Sunday, 8 July 2012

Brave

Lowdown: A fairy tale version of teenage rebellion involving a princess and her mother.
Review:
Pixar may have a name that generates expectations whenever a film of theirs comes out, yet even they have the occasional lesser film (I know we can argue about my particular choice of an example, but I invoke WALL-E; others will pick on other Pixar films). Brave, however, is not one of those bit-of-a-lesser films; it is a different cupcake altogether. For the first time ever, Brave left me asking whether Pixar has gone institutionalized. Or rather: since its acquisition, has Pixar been Disney-sized?
Brave takes place in a fairy tale version of Scotland. Merida (voiced by Kelly Macdonald) is the eldest daughter of the king (Billy Connolly) and queen (Emma Thompson). She’s not your typical princess; she prefers her bow & arrow to the typical girly stuff those lasses from Scotland of yonder used to go for. When the day comes for the rulers of three tribes reporting to her father to present their sons and have them compete for her hand, Merida rebels against the mother that tells her this is the way things are done. She runs away, meets a witch, and… has her mother turned into a bear. Just like the bear her father, the great warrior, lost a leg to. Can Merida rise to the occasion and sort out the teenage rebellion mess she got herself and her family into? Will the kingdom survive her rebellion without one tribe killing the other?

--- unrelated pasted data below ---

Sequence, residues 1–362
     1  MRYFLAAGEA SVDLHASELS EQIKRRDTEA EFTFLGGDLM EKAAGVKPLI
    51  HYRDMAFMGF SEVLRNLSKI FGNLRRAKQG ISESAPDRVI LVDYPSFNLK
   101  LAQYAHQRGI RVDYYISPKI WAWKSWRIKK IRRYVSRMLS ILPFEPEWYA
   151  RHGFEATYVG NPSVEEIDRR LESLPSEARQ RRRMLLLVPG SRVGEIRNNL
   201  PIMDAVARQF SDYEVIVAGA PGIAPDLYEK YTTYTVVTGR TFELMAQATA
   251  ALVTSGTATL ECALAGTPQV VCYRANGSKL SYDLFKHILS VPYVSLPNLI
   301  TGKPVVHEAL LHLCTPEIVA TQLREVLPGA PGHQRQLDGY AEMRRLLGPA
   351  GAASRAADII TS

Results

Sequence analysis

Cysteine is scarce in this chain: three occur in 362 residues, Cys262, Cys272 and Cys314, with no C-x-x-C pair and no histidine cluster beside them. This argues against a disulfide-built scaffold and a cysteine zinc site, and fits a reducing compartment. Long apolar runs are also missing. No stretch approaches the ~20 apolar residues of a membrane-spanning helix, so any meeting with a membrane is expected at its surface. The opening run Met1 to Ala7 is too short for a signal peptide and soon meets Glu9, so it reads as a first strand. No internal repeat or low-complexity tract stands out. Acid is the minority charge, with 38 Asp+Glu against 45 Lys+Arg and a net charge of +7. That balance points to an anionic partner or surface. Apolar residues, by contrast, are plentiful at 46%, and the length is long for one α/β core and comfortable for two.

Brave is certainly to be congratulated for putting a female at its center and for portraying the joys of teenage life from the female side of things. However, I was less than impressed by the overall show: neither plot nor character gripped me. It took me a while to figure out, but I can now point my finger and say: I consider Brave to be the weakest Pixar film ever by virtue of it being a template film, a film of a type we’ve seen before. It is not a bad film, but it is not an original film either; element per element, we’ve seen it all before.
Mind you, the Brave’s performance in sound is something special, notable even at a cinema environment. Yet another gem from the hands of Gary Rydstrom.
Overall: It’s really hard for me to accept a Pixar film has left me so indifferent, but Brave did just that. The magical touch of Disney leaves it with 2.5 out of 5 stars.

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